Parenting: Should you look through your child’s journal?

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Parenting can be a bumpy roller-coaster ride. You can never really know or control everything your offspring does. All you can do is provide them with as much guidance and support as you possibly can. It is within this vein that the question of looking through your child's journal arises.

A journal is a safe place for venting. It is a book for writing ideas, thoughts, experiences and how they made you feel at the time. Usually, a journal is a no-holds-barred space to pour out emotions.

One characteristic of a journal is that the emotions expressed in it are not necessarily permanent. It is simply a record of how you felt at the time.

Keeping a journal can be a good thing. For one, it builds good writing skill. Writing consistently for a long time is a way of improving one's writing. Secondly, a journal allows one to introspect. Since it is a safe place, you can always go back to it to reflect, check for patterns, or remember why you took certain decisions. You can also go back to it just for laughs.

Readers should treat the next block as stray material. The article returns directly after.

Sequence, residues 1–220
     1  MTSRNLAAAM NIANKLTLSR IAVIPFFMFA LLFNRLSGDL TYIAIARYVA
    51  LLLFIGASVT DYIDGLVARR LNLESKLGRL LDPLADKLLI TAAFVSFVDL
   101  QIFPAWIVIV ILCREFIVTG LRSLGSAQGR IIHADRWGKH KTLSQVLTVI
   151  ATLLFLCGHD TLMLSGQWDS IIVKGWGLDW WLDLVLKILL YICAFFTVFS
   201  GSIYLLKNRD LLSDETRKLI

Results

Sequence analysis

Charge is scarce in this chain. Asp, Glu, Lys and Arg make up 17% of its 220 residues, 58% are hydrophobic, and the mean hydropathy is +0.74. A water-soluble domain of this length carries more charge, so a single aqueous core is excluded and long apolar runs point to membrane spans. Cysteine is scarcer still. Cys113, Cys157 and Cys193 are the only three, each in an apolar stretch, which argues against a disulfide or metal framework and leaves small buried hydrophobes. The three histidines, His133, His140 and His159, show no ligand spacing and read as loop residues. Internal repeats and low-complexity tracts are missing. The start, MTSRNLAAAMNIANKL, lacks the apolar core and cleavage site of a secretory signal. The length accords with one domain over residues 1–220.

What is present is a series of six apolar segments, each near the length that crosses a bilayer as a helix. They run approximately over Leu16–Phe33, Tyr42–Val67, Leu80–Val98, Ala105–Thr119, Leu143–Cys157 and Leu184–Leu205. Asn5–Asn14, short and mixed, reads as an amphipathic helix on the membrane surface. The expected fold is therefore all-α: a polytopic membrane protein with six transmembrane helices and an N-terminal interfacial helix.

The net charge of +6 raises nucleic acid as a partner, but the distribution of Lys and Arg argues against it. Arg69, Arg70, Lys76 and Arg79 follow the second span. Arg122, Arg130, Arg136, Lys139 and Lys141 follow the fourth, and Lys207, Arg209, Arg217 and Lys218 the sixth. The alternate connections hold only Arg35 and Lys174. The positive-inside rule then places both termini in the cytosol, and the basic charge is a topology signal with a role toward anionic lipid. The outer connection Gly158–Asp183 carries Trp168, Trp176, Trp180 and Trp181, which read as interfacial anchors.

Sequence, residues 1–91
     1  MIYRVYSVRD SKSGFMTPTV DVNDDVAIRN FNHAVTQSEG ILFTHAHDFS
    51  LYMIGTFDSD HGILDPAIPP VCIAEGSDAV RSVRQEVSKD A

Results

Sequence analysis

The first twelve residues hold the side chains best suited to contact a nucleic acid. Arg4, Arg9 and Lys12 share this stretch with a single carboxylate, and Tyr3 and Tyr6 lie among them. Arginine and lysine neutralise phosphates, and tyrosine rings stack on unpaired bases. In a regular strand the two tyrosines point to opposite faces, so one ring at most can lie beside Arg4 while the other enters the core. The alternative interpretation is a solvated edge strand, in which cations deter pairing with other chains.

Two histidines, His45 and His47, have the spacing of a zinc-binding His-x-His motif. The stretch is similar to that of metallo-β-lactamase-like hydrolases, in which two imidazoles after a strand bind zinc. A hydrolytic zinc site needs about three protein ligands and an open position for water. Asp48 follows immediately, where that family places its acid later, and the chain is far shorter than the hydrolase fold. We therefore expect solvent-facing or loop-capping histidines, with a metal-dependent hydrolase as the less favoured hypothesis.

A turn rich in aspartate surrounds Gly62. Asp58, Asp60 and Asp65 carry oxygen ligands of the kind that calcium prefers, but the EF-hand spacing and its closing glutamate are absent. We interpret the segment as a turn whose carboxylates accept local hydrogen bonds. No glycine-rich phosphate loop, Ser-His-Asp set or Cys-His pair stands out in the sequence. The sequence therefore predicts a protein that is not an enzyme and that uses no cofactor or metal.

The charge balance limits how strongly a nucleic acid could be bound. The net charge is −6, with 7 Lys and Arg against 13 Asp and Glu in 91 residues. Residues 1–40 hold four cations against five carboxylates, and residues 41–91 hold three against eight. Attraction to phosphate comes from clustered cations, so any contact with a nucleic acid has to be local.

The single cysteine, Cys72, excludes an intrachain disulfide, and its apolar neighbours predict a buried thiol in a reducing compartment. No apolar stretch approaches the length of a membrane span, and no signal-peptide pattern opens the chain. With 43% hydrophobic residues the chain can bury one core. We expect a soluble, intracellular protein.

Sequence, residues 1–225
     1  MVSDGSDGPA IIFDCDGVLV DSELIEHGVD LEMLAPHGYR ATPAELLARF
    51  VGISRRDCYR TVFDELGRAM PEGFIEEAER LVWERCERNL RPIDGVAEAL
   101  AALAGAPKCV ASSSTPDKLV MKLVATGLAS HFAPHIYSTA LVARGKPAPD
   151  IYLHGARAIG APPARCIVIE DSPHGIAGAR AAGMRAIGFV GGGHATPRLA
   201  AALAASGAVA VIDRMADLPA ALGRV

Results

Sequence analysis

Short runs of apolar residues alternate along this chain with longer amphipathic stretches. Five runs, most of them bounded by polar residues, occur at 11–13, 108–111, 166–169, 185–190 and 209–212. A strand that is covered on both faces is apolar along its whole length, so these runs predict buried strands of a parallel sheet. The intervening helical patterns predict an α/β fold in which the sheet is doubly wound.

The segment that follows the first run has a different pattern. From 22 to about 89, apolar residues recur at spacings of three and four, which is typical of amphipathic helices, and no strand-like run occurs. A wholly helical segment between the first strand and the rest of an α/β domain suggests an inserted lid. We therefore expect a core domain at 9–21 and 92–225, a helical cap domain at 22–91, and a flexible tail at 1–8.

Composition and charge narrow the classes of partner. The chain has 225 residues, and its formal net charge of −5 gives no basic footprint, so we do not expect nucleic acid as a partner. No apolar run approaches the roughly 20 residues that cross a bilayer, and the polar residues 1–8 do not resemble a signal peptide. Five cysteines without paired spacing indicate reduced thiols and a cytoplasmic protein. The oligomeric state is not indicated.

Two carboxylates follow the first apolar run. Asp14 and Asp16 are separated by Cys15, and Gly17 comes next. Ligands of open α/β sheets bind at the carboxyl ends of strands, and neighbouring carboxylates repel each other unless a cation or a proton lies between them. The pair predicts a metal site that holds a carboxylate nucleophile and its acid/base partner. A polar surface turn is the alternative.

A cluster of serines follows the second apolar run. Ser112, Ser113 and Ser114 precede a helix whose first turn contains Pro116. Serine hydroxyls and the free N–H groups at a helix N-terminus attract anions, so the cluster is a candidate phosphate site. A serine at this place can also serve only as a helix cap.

Should you go through someone’s journal?

The answer to this question is not cut in stone especially if the keeper of said journal is a minor and is under your guardianship. Sometimes, children hold back from the adults in their lives information that is important. Such information may include abuse, suicidal thoughts, questions on sex and sexuality, etc.

Keeping a journal can be a good thing. For one, it builds good writing skill. Click To Tweet

As a guardian, you are in the best position to know whether to read your ward’s secret diary or not. However, it will help to note three things.

1. Treat the journal with respect. Don’t go harassing the child for every information you read. As mentioned earlier, much of the emotions expressed in it are fleeting.

2. Create an environment that allows the child express his/her self freely with you. Parenting is having a relationship with your child where they know they can trust you with stuff.

3. If possible, when you read something, ask them about it in a way that doesn’t reveal that you have been in their diary. This way, you get them to talk without breaking their trust of having their journal as a safe space.

Has someone ever read your diary? How did it make you feel?

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